Elbit’s US Subsidiary Gets 1st Production Order for HDTS | Raytheon Awarded $199M for AIM-9X Missiles | RSAF Pilots to Receive Up to 60% Increase in PayApr 05, 2017 00:30 UTC
- The US subsidiary of Israel’s Elbit Systems received their first production order for the Helmet Display and Tracker System (HDTS) with the Continuously Computed Impact Point (CCIP) algorithm for the US Navy’s fleet of MH-60S helicopters. Valued at $50 million, work will be performed in Fort Worth, Texas and completed by June 2021. The advanced technology of the helmet and processor provides pilots and crews with line-of-sight tracking to improve interaction with the flight navigation system, enhance pilot and co-pilot situational awareness, and increase the accuracy of weapons delivery.
- Raytheon has been awarded a $199 million contract to supply various missiles to the US Navy and allied partner nations. The deal includes orders for 317 AIM-9X Block II Sidewinder missiles in addition to 199 Block II captive air training missiles to be used during military exercises. Raytheon will also deliver spares and supporting equipment to several foreign military sales customers including Indonesia, the Netherlands, Taiwan, Romania, Poland, Saudi Arabia, Belgium, Turkey, Switzerland, South Korea, Norway, Morocco, Japan, Denmark, Finland, Israel and Singapore; work will be completed by March 2020. The munitions have been integrated on F-15, F-16, and F/A-18 aircraft.
- Lockheed Martin and the US Navy have tested the Long Range Anti-Ship Missile (LRASM) for the first time. The missile was launched from a Super Hornet aircraft during a jettison test that aimed to validate its air-to-ground capabilities. Developed to replace the Joint Air-to-Surface Standoff Missile-Extended Range (JASSM-ER), the company added that the weapon will provide the Navy with more effective combat capabilities in maritime battlefields, noting the missile is ideal for tactical operations.
- Boeing received a $41 million contract modification to provide services for F/A-18 and EA-18G aircraft operated by US foreign military sales customers. The deal will see the company undertake supplying engineering services, provisioning, information systems, training, and technical data updates. The contract supports planes operated by the governments of Australia, Finland, Kuwait, Malaysia, Switzerland, Canada and Spain. Work is expected to be completed by December 2017.
Middle East & North Africa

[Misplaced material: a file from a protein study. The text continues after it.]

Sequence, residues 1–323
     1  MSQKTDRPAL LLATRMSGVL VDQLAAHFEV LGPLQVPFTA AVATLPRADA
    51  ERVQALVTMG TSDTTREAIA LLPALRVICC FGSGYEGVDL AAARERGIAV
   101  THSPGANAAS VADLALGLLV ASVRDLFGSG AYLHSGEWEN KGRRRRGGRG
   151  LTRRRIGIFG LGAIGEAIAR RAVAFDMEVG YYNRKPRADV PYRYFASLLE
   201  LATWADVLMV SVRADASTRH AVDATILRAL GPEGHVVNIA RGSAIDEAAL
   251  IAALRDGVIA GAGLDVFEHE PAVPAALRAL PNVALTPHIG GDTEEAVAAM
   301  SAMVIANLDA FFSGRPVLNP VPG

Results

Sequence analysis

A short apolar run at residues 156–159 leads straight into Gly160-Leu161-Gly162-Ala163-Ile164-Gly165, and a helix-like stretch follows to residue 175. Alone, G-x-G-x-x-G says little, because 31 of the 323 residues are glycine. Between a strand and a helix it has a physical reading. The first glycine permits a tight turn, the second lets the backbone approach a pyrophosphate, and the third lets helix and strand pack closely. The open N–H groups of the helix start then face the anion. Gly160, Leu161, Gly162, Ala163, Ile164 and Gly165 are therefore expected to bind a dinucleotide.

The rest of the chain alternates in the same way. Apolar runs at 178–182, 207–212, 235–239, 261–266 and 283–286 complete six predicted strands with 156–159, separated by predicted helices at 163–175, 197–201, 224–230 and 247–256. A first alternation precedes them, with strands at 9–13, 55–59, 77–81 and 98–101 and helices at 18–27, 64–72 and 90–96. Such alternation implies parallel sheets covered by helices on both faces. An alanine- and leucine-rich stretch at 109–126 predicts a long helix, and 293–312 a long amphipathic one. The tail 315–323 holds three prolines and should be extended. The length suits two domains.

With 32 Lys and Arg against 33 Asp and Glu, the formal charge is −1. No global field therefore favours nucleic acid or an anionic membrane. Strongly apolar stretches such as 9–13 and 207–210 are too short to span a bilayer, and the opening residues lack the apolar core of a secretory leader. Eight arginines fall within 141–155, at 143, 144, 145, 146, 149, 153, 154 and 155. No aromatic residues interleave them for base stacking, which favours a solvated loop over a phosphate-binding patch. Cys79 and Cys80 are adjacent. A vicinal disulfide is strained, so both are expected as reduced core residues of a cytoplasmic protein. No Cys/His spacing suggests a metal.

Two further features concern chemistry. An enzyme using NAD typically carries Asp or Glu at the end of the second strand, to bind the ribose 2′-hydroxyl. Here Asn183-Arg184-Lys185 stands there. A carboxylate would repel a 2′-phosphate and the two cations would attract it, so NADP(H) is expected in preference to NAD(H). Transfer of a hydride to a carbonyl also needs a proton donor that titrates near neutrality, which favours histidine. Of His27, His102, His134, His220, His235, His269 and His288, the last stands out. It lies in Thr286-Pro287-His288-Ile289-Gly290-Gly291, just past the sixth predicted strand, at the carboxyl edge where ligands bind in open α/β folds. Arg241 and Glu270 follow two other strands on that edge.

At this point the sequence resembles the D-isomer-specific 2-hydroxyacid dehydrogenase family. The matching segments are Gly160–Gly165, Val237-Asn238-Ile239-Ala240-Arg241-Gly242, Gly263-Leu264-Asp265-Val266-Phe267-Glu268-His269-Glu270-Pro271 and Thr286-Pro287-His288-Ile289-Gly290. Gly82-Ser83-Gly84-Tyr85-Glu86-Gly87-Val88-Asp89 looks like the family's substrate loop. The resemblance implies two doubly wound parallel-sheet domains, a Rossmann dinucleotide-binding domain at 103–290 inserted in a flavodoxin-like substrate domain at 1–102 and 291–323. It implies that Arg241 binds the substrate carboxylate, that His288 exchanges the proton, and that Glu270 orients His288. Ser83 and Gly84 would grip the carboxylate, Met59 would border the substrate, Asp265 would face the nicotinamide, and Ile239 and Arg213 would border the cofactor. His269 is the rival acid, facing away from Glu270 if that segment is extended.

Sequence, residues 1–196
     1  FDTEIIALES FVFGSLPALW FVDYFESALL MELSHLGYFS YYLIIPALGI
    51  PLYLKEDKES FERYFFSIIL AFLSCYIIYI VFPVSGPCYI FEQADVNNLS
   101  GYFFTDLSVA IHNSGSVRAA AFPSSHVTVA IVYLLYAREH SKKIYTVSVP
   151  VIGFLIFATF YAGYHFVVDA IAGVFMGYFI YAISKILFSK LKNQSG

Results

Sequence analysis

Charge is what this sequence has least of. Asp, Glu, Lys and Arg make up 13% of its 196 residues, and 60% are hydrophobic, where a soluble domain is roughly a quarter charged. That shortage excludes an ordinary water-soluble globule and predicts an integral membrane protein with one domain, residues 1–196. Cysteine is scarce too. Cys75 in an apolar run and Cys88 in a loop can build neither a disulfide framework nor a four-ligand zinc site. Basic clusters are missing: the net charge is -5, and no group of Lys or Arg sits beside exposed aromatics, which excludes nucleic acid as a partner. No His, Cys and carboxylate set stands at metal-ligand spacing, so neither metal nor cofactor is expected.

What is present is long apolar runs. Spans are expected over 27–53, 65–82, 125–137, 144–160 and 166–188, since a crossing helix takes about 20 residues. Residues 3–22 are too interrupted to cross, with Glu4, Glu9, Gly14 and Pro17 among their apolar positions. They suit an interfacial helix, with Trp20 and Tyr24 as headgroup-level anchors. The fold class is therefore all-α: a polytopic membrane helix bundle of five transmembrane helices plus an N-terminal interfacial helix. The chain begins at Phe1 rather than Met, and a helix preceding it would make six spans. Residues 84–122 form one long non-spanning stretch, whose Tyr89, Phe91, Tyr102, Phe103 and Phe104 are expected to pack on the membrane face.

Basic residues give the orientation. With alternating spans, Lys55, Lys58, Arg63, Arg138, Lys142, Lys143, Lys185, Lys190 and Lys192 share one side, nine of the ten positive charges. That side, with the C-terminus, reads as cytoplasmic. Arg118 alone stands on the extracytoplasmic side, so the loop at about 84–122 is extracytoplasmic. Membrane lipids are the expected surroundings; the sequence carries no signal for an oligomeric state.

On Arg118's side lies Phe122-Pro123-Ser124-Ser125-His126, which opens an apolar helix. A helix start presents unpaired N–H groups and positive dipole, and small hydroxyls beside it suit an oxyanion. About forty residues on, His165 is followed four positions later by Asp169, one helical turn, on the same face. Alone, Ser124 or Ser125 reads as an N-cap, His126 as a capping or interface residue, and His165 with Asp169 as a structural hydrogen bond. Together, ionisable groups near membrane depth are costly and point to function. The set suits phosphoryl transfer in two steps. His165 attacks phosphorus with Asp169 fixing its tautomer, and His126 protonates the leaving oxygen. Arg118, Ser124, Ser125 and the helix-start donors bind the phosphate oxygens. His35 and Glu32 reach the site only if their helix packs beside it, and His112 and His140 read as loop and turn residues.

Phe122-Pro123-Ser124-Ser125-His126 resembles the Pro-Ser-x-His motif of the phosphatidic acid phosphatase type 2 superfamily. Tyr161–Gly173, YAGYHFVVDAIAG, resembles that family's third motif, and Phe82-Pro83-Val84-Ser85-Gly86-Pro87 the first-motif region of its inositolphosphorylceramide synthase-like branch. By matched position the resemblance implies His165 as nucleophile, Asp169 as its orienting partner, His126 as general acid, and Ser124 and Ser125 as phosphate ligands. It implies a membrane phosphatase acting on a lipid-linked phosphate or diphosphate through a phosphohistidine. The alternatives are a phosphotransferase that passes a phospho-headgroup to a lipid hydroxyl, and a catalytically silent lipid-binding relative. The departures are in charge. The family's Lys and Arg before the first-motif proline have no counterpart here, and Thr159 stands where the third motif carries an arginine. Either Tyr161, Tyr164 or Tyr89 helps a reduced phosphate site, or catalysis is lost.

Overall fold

- Royal Saudi Air Force pilots are to receive pay increases of up to 60% as the kingdom’s military intervention into neigboring Yemen enters its third year. The cabinet amended laws pertaining to military officers, allowing air force pilots and weapons operators to receive a 35% rise on basic salary and an increase for officers flying fighter jets and operating their weapons systems will be 60%. No reason was given for the move, but it does run contrary to a spate of recent austerity measures that were enforced to curb once benevolent Saudi public spending amid weak oil prices.
- The Ukrainian aerospace industry reached an important milestone after the first aircraft built without Russian parts made its flying debut. Antonov’s AN-132D transport aircraft was first rolled out last December and was built in conjunction with several Western industrial partners from the UK, Germany, France, Canada, and the US with Honeywell, Pratt & Whitney Canada, Liebherr-Aerospace Toulouse SAS, and Dowty Propellers. Between 260 and 290 aircraft will be built for Ukraine by 2025 and will also be license built in Saudi Arabia as the Tanqnia An-132.
- London’s Metropolitan Police have launched an investigation examining allegations of war crimes conducted by Saudi Arabia in Yemen as UK Prime Minister Teresa May goes on a state visit to the Gulf kingdom. The force’s SO15 counter-terrorism unit revealed to a London human rights lawyer that it had launched a “scoping exercise” into the claims before Maj Gen Ahmed al-Asiri’s visit to the capital last week. The UK, which along with the US supports the Saudis against the Houthis, has been urged to reconsider its arms exports to Saudi Arabia in light of the bloody air campaign.
- Thailand has approved the purchase of ten Chinese tanks in a deal worth $58 million. The purchase is the second of a planned three acquisitions of 49 tanks from China and will go toward replacing older US-made M41 light tanks. Relations have been strengthening between China and the US’ oldest ally in Southeast Asia, particularly since ties with the US cooled after a 2014 coup. In January, Bangkok gave the green light to the $380 million purchase of a submarine from China, and are contemplating adding three more.
- The Yemeni Qaher M2: